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Find Award Availability

Find Award Availability

When it comes to redeeming miles and points for “free” travel (plus taxes and fees), most people make a mistake when searching for award availability – there are ways to search for award availability and then there are accurate ways to search for award availability. The average passenger will visit the airline’s website and plug in their origin/destination and dates and search for availability – if nothing comes up, they will usually say “oh, well” and purchase a ticket.

Airlines love hiding award availability from us – whether that’s not displaying all airline partners online, having complex search engines for award flights, or even a glitch website. There are ways to find “hidden” award availability that you normally would not be able to find otherwise. Here’s how.

The Idea

This is the number 1 trick and tip for finding award availability – always search each segment (flight) individually. This will usually only work for longer trips and won’t work for short-haul, nonstop flights – that’s because there are only so many ways to fly from Seattle to San Francisco, for example. However, there are probably an infinite number of ways to travel from Seattle to Sydney, for example.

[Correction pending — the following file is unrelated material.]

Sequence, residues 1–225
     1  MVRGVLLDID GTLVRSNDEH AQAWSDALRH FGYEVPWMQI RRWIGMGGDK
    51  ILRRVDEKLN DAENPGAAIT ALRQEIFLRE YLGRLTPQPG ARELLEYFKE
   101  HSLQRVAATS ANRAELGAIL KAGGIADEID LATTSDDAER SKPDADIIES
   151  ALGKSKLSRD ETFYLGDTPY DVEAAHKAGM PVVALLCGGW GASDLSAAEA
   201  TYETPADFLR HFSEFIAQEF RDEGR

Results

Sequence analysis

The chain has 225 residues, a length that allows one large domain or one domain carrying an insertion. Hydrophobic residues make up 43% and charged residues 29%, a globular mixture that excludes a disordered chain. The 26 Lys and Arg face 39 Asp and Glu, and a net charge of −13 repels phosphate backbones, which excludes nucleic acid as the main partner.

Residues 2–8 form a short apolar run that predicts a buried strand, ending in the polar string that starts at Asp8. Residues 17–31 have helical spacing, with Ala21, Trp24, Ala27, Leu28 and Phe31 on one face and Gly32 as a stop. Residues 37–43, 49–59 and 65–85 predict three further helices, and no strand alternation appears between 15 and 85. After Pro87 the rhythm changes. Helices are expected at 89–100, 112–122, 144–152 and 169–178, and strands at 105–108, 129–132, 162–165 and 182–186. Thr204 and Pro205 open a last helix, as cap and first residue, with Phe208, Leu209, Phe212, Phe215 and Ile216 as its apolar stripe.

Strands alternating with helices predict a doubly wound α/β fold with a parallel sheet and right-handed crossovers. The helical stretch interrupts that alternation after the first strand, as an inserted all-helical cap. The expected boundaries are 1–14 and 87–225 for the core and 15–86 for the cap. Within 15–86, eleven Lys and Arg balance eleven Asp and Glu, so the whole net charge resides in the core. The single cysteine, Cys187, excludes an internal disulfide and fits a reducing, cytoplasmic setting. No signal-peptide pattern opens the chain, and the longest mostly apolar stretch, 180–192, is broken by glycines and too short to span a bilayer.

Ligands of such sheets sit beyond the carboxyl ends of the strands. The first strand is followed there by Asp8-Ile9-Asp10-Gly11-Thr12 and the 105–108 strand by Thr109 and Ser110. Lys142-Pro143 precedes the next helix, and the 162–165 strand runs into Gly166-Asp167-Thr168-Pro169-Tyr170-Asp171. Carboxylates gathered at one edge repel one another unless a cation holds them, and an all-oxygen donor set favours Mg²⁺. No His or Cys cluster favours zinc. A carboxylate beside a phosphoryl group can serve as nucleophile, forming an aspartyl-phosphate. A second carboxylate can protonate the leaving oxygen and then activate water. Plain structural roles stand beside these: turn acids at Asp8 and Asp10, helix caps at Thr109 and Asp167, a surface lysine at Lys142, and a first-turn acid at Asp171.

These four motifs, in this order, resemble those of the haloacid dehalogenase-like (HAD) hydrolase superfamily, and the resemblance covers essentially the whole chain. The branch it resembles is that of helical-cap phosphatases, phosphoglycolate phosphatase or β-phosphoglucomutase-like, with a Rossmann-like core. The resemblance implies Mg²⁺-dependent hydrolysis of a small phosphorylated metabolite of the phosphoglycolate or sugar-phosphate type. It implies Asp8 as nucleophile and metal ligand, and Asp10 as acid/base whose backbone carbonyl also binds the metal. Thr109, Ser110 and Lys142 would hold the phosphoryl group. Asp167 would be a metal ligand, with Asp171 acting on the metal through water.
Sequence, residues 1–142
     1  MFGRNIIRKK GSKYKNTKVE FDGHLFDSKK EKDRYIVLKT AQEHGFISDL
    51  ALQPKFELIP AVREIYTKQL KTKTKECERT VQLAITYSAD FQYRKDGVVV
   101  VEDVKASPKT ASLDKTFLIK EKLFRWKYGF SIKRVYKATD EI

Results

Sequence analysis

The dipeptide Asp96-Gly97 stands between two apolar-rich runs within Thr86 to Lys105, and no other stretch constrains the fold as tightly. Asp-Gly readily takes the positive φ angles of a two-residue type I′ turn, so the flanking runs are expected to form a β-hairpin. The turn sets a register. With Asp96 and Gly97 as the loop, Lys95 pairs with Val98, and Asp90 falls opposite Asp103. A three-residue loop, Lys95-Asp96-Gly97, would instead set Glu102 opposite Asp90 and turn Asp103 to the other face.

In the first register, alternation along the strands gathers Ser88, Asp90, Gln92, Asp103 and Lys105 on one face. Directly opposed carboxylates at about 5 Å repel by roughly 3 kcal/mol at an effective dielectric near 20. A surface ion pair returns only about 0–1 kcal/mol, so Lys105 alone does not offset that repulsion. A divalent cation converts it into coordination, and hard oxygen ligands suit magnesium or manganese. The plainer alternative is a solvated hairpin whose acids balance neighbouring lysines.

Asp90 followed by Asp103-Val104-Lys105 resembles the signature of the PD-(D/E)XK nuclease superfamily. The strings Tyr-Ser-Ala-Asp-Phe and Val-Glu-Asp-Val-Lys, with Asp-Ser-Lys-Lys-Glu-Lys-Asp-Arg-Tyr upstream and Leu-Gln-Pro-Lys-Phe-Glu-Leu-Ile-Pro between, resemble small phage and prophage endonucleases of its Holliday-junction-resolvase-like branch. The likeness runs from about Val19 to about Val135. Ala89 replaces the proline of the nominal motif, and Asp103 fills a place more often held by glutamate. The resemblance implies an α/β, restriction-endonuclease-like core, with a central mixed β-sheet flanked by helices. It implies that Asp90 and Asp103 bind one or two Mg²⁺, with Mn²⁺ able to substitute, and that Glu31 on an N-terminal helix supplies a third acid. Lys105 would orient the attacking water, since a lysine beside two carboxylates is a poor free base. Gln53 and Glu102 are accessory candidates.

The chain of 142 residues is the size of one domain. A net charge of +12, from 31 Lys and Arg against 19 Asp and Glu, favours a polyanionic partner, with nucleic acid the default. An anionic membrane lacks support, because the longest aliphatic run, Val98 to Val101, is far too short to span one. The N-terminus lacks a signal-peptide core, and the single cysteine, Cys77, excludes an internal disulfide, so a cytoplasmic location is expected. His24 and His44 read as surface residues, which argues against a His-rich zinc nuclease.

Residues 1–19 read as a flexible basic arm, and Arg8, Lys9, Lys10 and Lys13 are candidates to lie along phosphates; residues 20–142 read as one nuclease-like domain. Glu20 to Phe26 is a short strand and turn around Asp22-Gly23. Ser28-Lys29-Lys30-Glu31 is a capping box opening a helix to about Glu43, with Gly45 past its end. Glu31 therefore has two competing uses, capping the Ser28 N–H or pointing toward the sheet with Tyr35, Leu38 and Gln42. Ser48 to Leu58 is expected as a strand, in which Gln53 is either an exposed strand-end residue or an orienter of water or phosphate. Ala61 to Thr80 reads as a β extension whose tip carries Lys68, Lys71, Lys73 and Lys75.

When you go to search for a basic, quick trip (like SEA-SFO), chances are that you won’t find anything better than if you “broke up” the journey. This is because this is a very short journey and the available flights will usually show up – even with connections. That’s because those connections are “logical” – for example if the nonstop is not available, options via LAX, DEN, SAN, PDX, etc. might show up. The point is that it is a short journey, so the airline systems won’t get too confused at searching all of the possibilities between Seattle and San Francisco.

When you look at more complex trips, like Seattle to Sydney, there are millions of ways to travel between the two cities and the airline systems are just not that smart to look at all the connecting options and find award availability because there are literally an infinite number of ways to travel between those two cities. The idea is to search each segment separately. Yes, this sounds like a very long process, but if you know how to use the internet, it isn’t that bad.

Breaking Up Each Segment

The idea to find “hidden” award availability is to search segment by segment. For example, you want to fly Seattle to Sydney. The first thing you need to establish is what miles you have and if you have enough of those miles for this trip. Once you know you do, you would have to first identify the long-haul flights to/from Sydney. The best way to check what options you have is to look at the Wikipedia airport page – it lists all airlines and routes to/from that airport.